By Stefan J. Bos, Chief International Correspondent Worthy News
(Worthy News) - A former Muslim who became Christian in Saudi Arabia faced a court and possible jail Thursday for helping his sister, a fellow believer, to escape the Islamic nation, Worthy News learned.
The Saudi man, only identified as A. amid security concerns, also faces other court cases and violent threats against his wife and son due to his faith in Jesus Christ, Christians said.
“In last month’s court hearing, he was accused of trying to convert Muslims. That case is ongoing,” confirmed Middle East Concern (MEC), an advocacy group supporting him.
Thursday’s case focuses on A’s involvement in supporting his sister “who several years ago faced abuse by the family after they discovered she had become a Christian,” MEC explained.
“A. helped her flee the country with her children. Afterward, the family accused A. of financial wrongdoing, starting the case against him,” the group added in a statement.
The judge has reportedly said that at Thursday’s hearing, he would ask the relative accusing A. “to swear on the Qur’an” deemed a holy book by Muslims that A. stole money.
“If the relative does so, A. will be found guilty and ordered to pay a large amount in restitution to the family. As he will not be able to do so, he will have to serve time in prison,” MEC said in an assessment.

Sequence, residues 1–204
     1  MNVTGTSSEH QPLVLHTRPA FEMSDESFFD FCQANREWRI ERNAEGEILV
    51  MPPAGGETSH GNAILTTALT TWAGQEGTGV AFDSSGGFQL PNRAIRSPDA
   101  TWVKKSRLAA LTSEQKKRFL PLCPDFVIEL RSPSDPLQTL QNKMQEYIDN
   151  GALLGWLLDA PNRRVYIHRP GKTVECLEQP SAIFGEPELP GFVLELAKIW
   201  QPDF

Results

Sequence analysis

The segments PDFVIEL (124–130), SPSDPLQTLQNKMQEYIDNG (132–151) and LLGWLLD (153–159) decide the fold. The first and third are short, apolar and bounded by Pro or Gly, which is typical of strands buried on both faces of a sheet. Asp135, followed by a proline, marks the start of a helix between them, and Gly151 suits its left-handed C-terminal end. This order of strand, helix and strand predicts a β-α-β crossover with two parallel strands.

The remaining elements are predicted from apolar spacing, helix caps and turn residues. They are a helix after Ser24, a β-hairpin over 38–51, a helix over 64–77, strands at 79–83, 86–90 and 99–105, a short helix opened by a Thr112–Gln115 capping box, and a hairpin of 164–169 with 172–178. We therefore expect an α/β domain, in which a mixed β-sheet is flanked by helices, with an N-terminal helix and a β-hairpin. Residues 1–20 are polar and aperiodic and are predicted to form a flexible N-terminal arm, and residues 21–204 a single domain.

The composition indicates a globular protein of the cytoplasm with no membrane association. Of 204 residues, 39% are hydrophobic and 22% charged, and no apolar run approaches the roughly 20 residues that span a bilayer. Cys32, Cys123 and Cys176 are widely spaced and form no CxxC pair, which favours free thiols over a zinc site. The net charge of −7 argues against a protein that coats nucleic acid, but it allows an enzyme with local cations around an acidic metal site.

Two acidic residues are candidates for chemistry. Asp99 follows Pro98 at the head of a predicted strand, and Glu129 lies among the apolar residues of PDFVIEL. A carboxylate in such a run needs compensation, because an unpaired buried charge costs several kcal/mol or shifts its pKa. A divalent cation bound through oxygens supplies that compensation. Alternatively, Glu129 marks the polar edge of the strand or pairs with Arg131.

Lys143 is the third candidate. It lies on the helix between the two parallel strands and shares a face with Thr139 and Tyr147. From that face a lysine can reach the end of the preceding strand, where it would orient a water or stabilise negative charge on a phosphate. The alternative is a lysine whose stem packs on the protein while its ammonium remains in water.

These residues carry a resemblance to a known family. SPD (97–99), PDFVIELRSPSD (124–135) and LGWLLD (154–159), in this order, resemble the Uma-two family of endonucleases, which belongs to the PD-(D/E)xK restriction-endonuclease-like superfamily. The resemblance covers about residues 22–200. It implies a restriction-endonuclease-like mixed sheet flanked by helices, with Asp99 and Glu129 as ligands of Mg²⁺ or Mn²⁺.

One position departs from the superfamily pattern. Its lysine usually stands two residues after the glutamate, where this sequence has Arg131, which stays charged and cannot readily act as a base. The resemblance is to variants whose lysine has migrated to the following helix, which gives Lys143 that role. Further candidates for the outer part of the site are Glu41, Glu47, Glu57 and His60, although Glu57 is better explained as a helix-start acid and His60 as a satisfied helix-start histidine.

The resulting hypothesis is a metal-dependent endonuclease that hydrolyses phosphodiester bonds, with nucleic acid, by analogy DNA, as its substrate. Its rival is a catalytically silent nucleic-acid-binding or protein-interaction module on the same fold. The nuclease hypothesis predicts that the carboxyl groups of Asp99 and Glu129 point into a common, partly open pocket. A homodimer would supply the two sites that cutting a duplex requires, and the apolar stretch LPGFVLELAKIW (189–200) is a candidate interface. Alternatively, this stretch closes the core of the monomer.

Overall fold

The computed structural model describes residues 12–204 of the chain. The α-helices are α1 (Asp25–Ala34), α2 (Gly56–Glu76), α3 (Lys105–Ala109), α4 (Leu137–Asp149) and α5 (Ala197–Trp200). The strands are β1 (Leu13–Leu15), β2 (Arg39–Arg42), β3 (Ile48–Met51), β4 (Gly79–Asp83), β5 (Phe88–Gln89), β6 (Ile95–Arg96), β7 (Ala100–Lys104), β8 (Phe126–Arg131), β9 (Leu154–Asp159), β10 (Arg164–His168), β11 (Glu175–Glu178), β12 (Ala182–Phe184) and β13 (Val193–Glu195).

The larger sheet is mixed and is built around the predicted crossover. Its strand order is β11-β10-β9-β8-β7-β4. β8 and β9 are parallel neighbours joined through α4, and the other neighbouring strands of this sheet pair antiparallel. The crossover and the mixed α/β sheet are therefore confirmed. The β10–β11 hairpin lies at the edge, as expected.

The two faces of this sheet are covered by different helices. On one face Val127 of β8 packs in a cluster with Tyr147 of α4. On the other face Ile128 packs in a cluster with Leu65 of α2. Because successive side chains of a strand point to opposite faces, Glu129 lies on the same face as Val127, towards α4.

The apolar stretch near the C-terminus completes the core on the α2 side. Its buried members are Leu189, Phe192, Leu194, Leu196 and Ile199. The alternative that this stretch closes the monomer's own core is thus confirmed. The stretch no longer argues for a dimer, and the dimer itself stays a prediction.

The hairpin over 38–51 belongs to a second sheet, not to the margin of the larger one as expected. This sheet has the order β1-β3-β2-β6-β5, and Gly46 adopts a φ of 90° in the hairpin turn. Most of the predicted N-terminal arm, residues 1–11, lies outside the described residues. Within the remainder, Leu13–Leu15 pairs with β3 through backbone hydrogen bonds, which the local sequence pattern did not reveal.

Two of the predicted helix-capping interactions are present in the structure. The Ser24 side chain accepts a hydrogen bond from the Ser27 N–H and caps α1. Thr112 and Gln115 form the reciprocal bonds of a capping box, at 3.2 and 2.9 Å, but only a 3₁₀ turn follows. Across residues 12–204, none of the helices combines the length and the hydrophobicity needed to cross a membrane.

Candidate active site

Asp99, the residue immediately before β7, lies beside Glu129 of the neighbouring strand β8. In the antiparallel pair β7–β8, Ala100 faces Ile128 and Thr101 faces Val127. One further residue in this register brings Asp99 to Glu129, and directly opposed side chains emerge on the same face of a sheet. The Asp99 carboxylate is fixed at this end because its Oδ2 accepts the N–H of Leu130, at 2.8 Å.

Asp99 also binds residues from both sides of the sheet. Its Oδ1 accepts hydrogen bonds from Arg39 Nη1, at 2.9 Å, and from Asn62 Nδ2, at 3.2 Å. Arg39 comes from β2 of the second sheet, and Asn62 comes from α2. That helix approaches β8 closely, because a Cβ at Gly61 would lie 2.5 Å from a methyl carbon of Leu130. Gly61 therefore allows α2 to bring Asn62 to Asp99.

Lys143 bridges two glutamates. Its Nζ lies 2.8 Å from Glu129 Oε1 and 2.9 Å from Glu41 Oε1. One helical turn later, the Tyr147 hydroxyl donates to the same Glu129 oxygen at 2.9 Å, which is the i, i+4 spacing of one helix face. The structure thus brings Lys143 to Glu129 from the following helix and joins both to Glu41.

The case comes while A’s brother-in-law, the husband of the sister who fled, reportedly threatens violence against A.’s wife and son. “A. is worried that, if he is imprisoned, they will be vulnerable to attacks by the brother-in-law and the wider family,” MEC said.
In recent years A. already “faced several prison sentences and flogging due to his faith and his assistance to his sister,” MEC added.
The group said it had urged its supporters to pray that “that A., his wife, and son will experience the Lord’s peace and sustaining presence in these difficult times.”
It also asked prayers that “A. will not be sent to prison” for protection for him and his family and “for the wider family to come to faith” in Jesus Christ.
The case underscored broader concerns about pressure on many of the estimated 1.2 million Christians in Saudi Arabia. “The few Saudi Christians from a Muslim background face even more pressure, especially from their families,” said advocacy group Open Doors.
“Expatriate Muslims converting to the Christian faith also face strong persecution, similar to the levels they would have experienced in their home country. Whether Saudi or otherwise, most converts are forced to practice their faith in secrecy,” the group added.
Saudi Arabia ranks 14th on the annual ‘World Watch List’ of 50 nations where Open Doors claims Christians suffer most for their faith.